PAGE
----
The more sympathetic writers offered an alternative solution to Robinson's problems at the plate: bunt. In The New York Sun of May 1, under the headline ROBINSON'S JOB IN JEOPARDY, Herbert Goren urged the rookie to start laying the ball down: "In Robinson's case, a deep sense of pride is getting the call over common sense. Jack wants to prove in the big leagues that he is not a leg hitter.... Yet he is one of the best bunters in baseball. His former manager, Clay Hopper of Montreal [where Robinson played minor league ball the year before], said he believed Robinson could bunt .260 even if he tried nothing else."
In fact, as Robinson would soon admit, Rickey had been pushing him to bunt the ball as a way of restoring his confidence at the plate, but Robinson did not want to give his many detractors further cause for disparaging his play and spreading doubt about him as a major leaguer. "Mr. Rickey wants me to lay it down more," Robinson told Harold Burr of the Brooklyn Eagle, "but I don't want to bunt my way through the National League. That's what they said about me at Montreal last year, and I want to live that reputation down."
The chief cause for hope that Robinson would break out of his slump was that he was hitting the ball hard—though mostly at someone. On April 30, after the 3-1 loss to the Cubs at Ebbets Field, Shotton said he had thought about benching Robinson but then decided to let him work out of his difficulties at the plate. "There's no reason to get all excited," Shotton said, "no reason to panic."
On May 1 the New York Post's Arch Murray, perhaps Robinson's most ardent supporter in the local press corps, reported seeing signs in the loss to the Cubs that the rookie was emerging from his slump: "He hit two balls as if they'd been shot out of a gun—one that smacked into [pitcher] Doyle Lade's upflung glove and another smash that Peanuts Lowrey dug out of the dirt at third. [Robinson] refuses to get down because he's not hitting.... 'But,' he admitted ruefully last night, 'I'd sure like to get some base hits.' "
Those late April days in '47 would remain the most trying in Robinson's professional life, and the deepening pain was evident on the man's face. "You'd look at him and you knew he was pressing and pushing," Barney, the former reliever, recalls. "He had all that other stuff on his mind. He worked hard to break out of that slump. If we had a night game at eight o'clock, Jackie would be at the ballpark at 10 the next morning to take batting practice. If a pitcher got him out on a slow curve, he would have [Dodgers coach Clyde] Sukeforth throw him slow curves until Jackie's hands blistered. I saw this. He just worked so hard! He could not let himself down. He could not let his race down. He couldn't let anybody down."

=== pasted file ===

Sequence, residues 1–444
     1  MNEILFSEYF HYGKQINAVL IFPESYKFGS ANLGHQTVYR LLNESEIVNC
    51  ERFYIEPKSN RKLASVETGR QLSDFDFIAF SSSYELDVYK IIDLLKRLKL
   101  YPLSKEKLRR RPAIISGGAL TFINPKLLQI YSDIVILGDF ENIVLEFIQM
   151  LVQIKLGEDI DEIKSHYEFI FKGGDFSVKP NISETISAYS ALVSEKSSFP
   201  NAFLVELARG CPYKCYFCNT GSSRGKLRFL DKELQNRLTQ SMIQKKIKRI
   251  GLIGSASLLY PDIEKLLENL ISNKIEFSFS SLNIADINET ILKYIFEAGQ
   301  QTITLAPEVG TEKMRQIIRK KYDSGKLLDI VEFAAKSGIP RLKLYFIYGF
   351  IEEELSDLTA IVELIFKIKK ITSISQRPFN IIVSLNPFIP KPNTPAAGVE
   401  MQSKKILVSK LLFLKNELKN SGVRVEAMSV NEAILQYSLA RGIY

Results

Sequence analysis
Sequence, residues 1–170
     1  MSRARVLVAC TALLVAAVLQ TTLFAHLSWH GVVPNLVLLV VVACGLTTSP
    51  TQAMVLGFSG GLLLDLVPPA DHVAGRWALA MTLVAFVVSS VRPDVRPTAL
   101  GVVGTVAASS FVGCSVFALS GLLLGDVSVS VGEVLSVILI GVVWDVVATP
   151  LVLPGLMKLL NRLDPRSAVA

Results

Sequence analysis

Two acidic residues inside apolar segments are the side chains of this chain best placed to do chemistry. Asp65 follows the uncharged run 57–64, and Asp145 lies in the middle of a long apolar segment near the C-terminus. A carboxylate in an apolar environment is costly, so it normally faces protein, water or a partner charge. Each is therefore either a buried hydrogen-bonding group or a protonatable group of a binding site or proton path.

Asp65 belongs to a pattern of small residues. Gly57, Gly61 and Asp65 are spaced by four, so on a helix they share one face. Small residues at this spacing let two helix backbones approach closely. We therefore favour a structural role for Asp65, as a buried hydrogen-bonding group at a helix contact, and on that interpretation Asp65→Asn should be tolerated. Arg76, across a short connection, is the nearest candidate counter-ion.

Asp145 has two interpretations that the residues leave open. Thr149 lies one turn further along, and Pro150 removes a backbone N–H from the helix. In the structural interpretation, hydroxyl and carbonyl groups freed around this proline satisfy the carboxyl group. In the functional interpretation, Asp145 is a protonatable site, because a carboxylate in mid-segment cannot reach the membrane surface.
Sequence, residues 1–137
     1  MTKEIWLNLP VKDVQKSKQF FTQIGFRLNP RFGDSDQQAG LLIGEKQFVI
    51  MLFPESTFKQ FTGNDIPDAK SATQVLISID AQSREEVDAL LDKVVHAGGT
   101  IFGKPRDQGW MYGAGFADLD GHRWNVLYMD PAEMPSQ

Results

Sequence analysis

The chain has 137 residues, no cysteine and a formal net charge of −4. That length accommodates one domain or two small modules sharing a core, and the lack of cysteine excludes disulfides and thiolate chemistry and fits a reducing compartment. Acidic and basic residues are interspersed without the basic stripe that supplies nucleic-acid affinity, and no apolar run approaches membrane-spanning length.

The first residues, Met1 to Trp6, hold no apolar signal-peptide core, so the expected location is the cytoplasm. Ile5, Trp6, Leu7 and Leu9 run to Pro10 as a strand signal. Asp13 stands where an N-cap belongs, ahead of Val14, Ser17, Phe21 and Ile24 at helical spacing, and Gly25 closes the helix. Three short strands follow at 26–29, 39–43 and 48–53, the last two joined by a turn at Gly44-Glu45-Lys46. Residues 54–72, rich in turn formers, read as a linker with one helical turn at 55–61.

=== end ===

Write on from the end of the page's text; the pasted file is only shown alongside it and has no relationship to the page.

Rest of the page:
No sooner had the alarms been set off by suggestions that the rookie be benched than Robinson was standing in the batter's box at Ebbets Field in the first inning on May 1, facing Bob Chipman of the Cubs. With one slash of the bat, on a pitch hard and in, Robinson made his way into the next day's headline in the New York Herald Tribune: ROBINSON SNAPS HIS BATTING SLUMP WITH TWO-BAGGER. The collar was off, at last.
Because of rain the Dodgers did not play their next game until May 6 at Ebbets Field. Brooklyn beat the St. Louis Cardinals 7-6 as Robinson stroked two singles, one of which contributed to a three-run rally in the sixth. On May 7, in a 2-1 loss to the Cards, Robinson singled in the third inning and in the ninth was robbed of at least a double. According to Gus Steiger of the New York Daily Mirror, St. Louis centerfielder Terry Moore raced toward left "to make a brilliant catch of Jackie Robinson's searing liner."
But Shotton was despairing over Robinson's failure to attack hitter's pitches, and never more so than in the seventh inning of that game. With the bases loaded, one out and the Cards leading 2-0, Robinson worked the count from Howie Pollet to 3 and 1. Then he froze and watched the next pitch whistle by.
"Jackie looked at the only fat pitch Pollet threw all afternoon," lamented Shotton after the game. "A fastball. He let that go and he went after the change..." and bounced into a double play. The Dodgers hit into four double plays that afternoon, but, Shotton muttered, "Robinson's was the killer."
On May 8, in a 5-1 loss to the Cards, Robinson extended his hitting streak to four games, but other screws were tightening on him. The next morning the sports editor of the Herald Tribune, Stanley Woodward, broke a story that the president of the National League, Ford Frick, had headed off a players' strike aimed at forcing Robinson out of the game. The story said the revolt had been instigated by "certain St. Louis players," though none were identified by name, and had been quashed when Frick warned that he would suspend every player involved.